From the resistance of the Ukrainians and the Kremlin’s failures to the impact on the global supply chain and the soaring costs of petrol, the first few weeks of Russia’s war on Ukraine has already demonstrated a multitude of unexpected outcomes. At the six-week mark, a UNSW Canberra symposium will bring leading experts from across the globe together to analyse the lessons learnt so far. ‘The Ukraine Invasion: Lessons from the First Six Weeks of War’ will be held online on Friday, 8 April.
Event organiser Associate Professor Deane-Peter Baker said the Ukraine War has challenged numerous strategic and operational presumptions and theories. “This symposium is about taking an early look at some of what we have learned from this conflict, which we hope will help us to better understand its implications, both in the short-term and beyond,” Baker said.
UNSW Canberra Professor David Kilcullen said there have been three key surprises during the first six weeks of the invasion; the failure of Russia to suppress Ukrainian air defences, poor performance of some of the most elite Russian units and limited Russian use of cyber and electronic attack tools. “At this point in the invasion, we need to update our prior assumptions,” Kilcullen said. “All parties have made miscalculations throughout the first six weeks. I will discuss the key tactical lessons we have learned so far, the likely next stage of the war and what this means for the region.”
Professor Clinton Fernandes will explore the impact the war has had on the global supply chain, food and petrol prices and what that means for Australia’s national resilience and self-reliance. Other speakers include Dr Rob Johnson from Oxford University, Australian Army Officer and UNSW Canberra Adjunct Lecturer LTCOL Tom McDermott, Dr Marina Miron from Kings College London, Dr Sarah Percy from the University of Queensland, John Spencer from the US Military Academy West Point and Dr Patricia L. Sullivan from UNC Chapel Hill.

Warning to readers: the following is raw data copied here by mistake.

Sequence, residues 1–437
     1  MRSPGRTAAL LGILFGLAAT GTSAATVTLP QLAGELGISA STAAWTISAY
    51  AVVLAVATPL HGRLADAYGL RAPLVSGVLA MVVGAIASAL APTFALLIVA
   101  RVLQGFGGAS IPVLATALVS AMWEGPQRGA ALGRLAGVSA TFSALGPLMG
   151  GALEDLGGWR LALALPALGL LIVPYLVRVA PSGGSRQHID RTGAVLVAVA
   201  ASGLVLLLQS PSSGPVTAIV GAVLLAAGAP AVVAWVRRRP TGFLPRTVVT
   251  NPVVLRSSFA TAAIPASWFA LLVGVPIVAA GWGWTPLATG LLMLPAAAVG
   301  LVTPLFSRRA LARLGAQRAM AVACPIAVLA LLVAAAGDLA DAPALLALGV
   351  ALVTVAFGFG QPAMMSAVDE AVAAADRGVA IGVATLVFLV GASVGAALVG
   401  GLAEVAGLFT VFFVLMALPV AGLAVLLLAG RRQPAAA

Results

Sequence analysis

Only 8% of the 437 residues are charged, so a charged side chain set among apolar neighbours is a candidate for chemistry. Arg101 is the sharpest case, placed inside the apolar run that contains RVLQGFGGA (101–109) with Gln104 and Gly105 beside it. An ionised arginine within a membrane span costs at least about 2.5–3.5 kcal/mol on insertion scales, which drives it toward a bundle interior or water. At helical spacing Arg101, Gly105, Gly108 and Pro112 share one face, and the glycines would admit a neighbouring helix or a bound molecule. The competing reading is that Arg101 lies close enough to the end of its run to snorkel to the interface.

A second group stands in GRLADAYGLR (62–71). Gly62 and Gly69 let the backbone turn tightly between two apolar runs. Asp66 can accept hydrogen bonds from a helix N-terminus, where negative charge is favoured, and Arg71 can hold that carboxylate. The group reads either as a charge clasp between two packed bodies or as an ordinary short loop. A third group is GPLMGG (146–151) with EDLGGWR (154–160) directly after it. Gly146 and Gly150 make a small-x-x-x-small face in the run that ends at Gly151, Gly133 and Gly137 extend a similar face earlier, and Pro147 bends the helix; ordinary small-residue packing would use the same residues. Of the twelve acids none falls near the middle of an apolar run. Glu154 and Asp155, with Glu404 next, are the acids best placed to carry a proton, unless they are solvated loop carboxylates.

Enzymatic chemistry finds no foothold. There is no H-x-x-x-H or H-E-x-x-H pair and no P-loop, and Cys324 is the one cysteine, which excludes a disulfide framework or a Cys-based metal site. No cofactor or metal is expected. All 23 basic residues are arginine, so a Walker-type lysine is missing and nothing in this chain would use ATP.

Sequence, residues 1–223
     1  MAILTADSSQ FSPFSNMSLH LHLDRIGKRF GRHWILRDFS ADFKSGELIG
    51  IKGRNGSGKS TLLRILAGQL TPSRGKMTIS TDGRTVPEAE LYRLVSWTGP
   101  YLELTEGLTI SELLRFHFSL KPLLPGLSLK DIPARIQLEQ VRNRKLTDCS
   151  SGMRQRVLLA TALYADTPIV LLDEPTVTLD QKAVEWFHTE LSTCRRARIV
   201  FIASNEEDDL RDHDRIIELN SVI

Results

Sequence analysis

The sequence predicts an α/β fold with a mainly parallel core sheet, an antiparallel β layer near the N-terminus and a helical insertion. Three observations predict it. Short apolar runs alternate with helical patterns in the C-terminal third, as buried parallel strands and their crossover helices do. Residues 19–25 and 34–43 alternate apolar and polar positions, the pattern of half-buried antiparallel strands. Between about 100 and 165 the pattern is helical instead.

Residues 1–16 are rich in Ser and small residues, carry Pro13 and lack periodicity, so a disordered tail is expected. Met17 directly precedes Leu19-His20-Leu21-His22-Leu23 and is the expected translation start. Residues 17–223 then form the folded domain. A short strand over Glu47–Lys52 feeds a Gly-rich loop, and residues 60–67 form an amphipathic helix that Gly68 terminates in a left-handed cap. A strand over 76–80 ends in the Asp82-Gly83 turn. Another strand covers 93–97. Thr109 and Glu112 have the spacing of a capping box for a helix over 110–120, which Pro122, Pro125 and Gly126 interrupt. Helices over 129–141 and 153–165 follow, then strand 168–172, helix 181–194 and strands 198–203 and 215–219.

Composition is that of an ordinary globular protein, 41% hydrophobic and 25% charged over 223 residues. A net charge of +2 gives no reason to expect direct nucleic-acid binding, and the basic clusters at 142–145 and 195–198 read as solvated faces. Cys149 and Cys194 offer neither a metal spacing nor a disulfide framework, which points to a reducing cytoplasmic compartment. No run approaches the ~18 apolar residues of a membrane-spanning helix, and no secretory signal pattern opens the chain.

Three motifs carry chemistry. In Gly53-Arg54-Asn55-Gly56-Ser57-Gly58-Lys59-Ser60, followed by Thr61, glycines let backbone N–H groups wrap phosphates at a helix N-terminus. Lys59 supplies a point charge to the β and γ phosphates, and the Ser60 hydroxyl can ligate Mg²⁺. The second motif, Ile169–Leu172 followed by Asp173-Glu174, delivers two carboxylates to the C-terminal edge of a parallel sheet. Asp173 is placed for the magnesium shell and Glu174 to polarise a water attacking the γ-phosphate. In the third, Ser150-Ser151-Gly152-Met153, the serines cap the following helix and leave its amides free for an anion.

All speakers are either part of, or have a connection with, the UNSW Canberra Future Operations Research Group, which is focused on understanding and analysing the operational environment, and the threats, risks and opportunities that military forces will face, in the 2030-2050 timeframe.
“It’s only when you pull the network together for an event like this that you see just how much intellectual horsepower and expertise we are privileged to be able to draw on,” Baker said. “Though strongly embedded in the Australian defence research community, we are also able to draw on some of the world’s leading thinkers in a range of relevant areas of expertise. That range is important – this won’t be an event in which each speaker will essentially repeat what everybody else has already said. Attendees will be given the opportunity to view this conflict through a range of different lenses.”
Baker said the Russian invasion of Ukraine will be analysed and studied in detail for decades to come. “We can’t hope at such an early stage to be able to determinately establish the lessons of the conflict. But it’s vital to start the dialogue and to start shaping the research agenda. It is our intention to come back to the topics and ideas raised here – say a year later – to consider them again once greater fidelity is possible.”